Thus far in this U.S. History course, we have asked quite a few questions about history. The questions can come across as simple, but as we have discussed the answers are not always clear. So far, we have asked:
But now that we’ve taken a look at the history of some of the first settlers of the Americas, we have to ask: how do these questions apply to real people, places, or things that have existed in the past?
That question may seem relatively straightforward, but finding an answer can be more complicated than you think. For example, we know that President Richard Nixon resigned from office on August 9, 1974. We know this because: (a) we have primary source evidence from archived video footage, (b) there is a paper trail, and (c) there are people that can recall the events.
But what happens when there is no direct evidence of an event taking place? The vast majority of American history that occurred prior to 1492 took place, in what historians call, a pre-historical context. Prehistory refers to a period of time that occurred before written records existed.
Recall that the Mayan civilization was one of the rare pre-Columbian societies that used a written language. But history occurred outside of Mesoamerican Mayan cities and historical narratives from prehistoric societies have been created.
Historians have used a number of tactics in trying to piece together stories about the pre-Columbian past in America. We will cover several methods to show the many paths that historians have used as they have created their stories about the past.
When studying the histories of prehistoric societies, historians often wear different professional and academic hats. One of these hats is that of the archeologist.
Archeologists have been able to piece together stories about America’s past by finding literal pieces from the past. Archeologists dig into the earth to find evidence of human activities and construct narratives using the evidence they find. For example, historians knew very little about the Native American peoples that lived along the Mississippi Valley until archaeologists began excavating sites around the region.
The mounds shown in this image have existed in the Mississippi Valley for thousands of years, spanning from Illinois to Alabama. Despite their long-term existence, however, little was known about these odd structures. Throughout the 19th century, they were levelled and demolished to make room for railroad lines and other physical results of westward expansionist policies.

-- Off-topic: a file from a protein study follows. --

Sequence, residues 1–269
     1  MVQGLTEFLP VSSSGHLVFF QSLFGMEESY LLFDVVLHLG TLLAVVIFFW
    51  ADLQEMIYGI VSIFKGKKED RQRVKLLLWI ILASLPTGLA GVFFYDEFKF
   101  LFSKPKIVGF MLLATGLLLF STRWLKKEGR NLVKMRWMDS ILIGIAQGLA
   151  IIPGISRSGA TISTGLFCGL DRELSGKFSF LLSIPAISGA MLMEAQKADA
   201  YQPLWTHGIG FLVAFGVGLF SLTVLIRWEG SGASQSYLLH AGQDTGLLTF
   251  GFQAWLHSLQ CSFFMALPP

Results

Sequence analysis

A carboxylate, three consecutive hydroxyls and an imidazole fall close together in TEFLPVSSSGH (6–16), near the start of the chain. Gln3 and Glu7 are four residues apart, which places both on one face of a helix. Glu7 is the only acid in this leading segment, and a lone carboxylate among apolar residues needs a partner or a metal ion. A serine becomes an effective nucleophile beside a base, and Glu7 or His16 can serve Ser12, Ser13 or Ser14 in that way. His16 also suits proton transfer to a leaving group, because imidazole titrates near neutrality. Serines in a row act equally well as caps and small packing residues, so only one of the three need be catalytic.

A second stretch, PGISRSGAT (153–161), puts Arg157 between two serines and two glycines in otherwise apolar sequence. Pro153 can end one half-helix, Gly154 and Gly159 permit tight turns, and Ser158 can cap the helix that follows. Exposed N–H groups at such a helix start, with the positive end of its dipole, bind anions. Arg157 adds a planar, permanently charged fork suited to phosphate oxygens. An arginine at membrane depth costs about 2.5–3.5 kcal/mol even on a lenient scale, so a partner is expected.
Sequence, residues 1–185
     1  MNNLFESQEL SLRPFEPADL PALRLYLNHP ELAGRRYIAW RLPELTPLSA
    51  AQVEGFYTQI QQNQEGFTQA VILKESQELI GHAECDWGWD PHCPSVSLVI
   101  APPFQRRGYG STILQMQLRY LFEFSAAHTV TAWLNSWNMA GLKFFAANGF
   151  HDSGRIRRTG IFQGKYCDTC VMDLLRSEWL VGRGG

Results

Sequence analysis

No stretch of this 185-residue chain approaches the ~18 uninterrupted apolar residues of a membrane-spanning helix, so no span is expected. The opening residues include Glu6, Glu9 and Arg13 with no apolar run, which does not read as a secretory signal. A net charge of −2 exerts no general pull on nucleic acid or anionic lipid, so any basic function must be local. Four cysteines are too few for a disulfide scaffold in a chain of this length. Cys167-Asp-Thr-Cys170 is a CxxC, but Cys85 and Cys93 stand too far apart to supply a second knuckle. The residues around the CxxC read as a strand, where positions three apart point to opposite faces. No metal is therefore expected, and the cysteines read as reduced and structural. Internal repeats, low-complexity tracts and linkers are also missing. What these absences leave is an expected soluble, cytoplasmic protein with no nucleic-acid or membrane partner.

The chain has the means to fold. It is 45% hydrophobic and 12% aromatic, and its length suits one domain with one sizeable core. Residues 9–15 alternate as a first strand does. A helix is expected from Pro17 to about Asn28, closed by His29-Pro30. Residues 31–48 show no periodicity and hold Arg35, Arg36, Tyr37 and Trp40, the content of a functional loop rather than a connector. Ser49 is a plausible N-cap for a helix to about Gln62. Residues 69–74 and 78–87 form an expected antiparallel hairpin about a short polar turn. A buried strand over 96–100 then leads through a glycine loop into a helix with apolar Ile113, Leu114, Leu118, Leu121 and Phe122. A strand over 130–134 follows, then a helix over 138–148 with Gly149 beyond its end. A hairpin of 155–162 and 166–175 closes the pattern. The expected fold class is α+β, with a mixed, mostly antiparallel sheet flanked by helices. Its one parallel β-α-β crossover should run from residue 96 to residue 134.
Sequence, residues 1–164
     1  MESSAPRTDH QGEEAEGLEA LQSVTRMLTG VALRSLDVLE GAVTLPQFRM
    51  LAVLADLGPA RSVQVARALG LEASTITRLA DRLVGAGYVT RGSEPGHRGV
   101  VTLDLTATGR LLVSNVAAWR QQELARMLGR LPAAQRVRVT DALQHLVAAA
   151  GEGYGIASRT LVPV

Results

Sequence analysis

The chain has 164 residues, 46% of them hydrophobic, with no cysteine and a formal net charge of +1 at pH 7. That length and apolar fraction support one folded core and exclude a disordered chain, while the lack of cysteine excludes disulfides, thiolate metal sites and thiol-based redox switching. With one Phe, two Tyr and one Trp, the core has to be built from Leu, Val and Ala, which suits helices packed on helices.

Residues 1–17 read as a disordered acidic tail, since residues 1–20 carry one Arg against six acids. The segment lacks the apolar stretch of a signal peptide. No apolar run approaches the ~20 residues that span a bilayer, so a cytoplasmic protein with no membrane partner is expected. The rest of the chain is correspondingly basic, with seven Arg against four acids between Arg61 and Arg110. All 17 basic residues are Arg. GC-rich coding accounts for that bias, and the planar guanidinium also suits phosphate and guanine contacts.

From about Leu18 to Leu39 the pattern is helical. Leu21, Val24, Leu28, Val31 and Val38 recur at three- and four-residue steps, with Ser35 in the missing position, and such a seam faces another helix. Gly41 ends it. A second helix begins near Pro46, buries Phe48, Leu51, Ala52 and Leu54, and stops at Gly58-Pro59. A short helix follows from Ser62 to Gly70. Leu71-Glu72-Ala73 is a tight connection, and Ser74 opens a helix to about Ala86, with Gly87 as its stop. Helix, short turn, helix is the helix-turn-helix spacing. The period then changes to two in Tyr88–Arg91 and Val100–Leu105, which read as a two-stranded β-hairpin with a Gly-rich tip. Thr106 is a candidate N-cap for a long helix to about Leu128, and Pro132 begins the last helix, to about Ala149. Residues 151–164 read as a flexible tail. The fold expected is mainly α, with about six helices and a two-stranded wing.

Beginning in 1905, an archaeologist named Clarence Bloomfield Moore began excavation of one of the largest of these sites, called Moundville, in Alabama. Using the evidence he found in the earth (e.g., pottery, figurines, etc.), Moore was able to determine that these mounds were used to house elite social figures. He even found evidence that some mounds were used for ceremonial purposes.
With the help of archaeologists like Moore, we have been able to construct a more concrete narrative of the peoples who lived in these mounds. We know that these Mississippian cultures: (a) were related to the Hopewell peoples that lived further north, (b) prospered between 500 and 900 C.E., and (c) maintained extensive trade relations between numerous other Native American societies (e.g., as evidenced by shell beads from far seaboard societies that have been found).
Another example of prehistoric narratives developed in the American past can be found in the cultural practices of the Tohono O’odham people. European settlers in the New World knew very little of these people and often lumped their histories together with that of larger, more-well-known, Native American cultures. For example, the Spanish missionaries and conquistadors often perceived the Tohono O’odham similarly to the Apaches who were their neighbors in the Sonoma region (i.e., Arizona and Northern Mexico). Much of this was attributable to European disinterest in indigenous identity.
The Tohono O’odham people also had a way of retelling their own history that differed from the Europeans. Primarily, they used what have been called calendar sticks.